Use of numerical models to characterize and evaluate reservoir potential is an industry wide practice, with increasingly more development decisions being substantiated by finite difference models. Advances on hardware and software, along with the ability to effectively incorporate accurate process physics, makes simulation a robust tool for field development decisions, particularly on complex operations such as enhanced oil recovery and/or reservoirs with challenging heterogeneity and pore structures. Use of these models does not come without its challenges where data requirements (and use of special characterization both at lab and field level) increase as does the reservoir characterization granularity and thus model sizes.

Unsurprisingly the increase of model precision and data requirements amplifies non-uniqueness of the numerical solutions obtained during any field evaluation including field development planning (FDP). Incomplete/inconsistent datasets pose a further challenge to the accuracy (and arguably risk) of the forecasts by introducing further uncertainty on the process characterization. Use of complementary technology such as digital rock, that would enable mitigate impact of such uncertainties in a timely manner -either at field or laboratory level, is thus highly desirable particularly when dealing with enhanced oil recovery. Compounding the non-linearity effect of the EOR agent characterization is the effect of the augmented numerical artifacts (dispersion, dilution, etc) of which complex chemical implementations are prone to, making the upscaling process from laboratory dimensions to field more complex.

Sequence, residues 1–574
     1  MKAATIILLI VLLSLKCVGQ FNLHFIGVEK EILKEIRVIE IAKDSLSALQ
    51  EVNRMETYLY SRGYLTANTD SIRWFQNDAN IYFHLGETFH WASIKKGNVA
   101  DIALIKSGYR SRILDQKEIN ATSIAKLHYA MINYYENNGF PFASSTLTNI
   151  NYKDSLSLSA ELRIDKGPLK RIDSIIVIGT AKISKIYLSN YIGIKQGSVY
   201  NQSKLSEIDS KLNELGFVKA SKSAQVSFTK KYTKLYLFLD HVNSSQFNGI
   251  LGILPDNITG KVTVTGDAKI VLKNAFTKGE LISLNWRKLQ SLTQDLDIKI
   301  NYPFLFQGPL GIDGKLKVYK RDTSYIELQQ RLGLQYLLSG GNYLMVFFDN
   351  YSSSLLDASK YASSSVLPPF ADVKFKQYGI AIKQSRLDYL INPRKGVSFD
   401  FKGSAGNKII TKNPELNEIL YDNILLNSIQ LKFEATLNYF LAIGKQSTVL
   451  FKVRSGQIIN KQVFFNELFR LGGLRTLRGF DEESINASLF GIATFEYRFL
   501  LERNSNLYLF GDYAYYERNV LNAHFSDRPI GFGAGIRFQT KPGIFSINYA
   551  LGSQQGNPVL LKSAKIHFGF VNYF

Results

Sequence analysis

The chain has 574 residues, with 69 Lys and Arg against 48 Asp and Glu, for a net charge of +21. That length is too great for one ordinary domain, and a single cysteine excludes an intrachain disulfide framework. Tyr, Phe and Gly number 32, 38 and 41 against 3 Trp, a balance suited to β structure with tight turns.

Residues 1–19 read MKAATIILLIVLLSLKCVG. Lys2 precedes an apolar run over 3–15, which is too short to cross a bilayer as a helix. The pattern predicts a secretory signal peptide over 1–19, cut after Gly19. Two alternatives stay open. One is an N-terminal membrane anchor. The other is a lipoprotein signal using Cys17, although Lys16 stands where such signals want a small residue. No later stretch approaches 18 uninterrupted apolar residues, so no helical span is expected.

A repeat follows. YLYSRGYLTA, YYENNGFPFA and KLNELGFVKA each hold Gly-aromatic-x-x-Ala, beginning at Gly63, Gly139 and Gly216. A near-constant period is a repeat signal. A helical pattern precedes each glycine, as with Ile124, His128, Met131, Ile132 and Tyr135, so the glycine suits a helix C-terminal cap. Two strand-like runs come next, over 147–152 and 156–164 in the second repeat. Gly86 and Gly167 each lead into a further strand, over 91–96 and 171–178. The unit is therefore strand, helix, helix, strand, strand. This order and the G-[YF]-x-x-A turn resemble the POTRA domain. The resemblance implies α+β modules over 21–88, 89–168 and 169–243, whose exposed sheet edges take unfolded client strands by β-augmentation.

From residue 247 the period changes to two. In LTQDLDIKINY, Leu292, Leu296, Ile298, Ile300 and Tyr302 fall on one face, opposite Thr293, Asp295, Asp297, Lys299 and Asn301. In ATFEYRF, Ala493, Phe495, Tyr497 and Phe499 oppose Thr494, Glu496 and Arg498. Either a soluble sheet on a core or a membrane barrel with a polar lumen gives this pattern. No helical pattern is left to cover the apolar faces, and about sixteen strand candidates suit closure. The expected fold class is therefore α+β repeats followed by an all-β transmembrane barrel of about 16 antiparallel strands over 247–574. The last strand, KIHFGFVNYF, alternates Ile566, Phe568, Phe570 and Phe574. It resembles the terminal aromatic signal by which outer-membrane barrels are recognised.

This paper complements our previous investigation on the use of digital rock solutions and multi-scale upscaling and is addressing two complementing topics:

  • Use of multiscale digital rock technology for field development – using a case study to illustrate the use of DR on field appraisal complementing otherwise unsampled facies, using a multi-nested approach to reconcile DR observations at different plug scales

  • Evaluate the impact of finite-difference numerical simulation grid on the surfactant injection performance- highlighting limitations and challenges of existing models as well as proposing potential upscaling alternatives.

It is our intention to further reconcile digital rock upscaling with other EOR methods such as polymer/CO2 injection and of course surfactant. While we were able to highlight the caveats of upscaling on complex chemical floods we continue to investigate and design a solution that would encompass combination of chemicals (surfactant, alkaline and polymer) as well as handle of concentration/salinity changes.

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